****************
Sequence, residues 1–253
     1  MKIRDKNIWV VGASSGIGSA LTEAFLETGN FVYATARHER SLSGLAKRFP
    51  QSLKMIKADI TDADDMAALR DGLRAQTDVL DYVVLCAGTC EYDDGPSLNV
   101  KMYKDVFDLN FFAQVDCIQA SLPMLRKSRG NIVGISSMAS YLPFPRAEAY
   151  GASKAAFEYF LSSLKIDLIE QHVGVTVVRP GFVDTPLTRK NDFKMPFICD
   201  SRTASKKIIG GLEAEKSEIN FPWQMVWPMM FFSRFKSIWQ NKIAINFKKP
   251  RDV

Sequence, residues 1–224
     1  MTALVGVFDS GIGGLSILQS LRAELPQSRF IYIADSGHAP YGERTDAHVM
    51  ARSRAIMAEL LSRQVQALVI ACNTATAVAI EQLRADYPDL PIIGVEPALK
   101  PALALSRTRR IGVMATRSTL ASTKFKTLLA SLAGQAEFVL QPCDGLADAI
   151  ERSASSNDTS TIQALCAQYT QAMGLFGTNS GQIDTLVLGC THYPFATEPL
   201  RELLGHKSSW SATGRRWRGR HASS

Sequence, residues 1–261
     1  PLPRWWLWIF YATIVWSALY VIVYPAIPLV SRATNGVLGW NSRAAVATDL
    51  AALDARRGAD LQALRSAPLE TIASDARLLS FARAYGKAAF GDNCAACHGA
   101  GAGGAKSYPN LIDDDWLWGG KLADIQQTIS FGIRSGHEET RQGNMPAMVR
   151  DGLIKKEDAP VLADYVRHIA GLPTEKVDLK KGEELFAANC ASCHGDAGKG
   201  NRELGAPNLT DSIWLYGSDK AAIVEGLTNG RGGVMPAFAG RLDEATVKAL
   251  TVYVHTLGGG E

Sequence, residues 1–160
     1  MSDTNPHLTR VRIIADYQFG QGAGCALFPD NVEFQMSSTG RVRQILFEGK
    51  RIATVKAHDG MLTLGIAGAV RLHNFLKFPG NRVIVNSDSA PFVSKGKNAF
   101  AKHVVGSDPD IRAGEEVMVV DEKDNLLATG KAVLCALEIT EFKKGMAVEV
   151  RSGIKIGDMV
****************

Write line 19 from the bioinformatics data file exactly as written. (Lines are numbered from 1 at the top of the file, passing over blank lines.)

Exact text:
   201  NRELGAPNLT DSIWLYGSDK AAIVEGLTNG RGGVMPAFAG RLDEATVKAL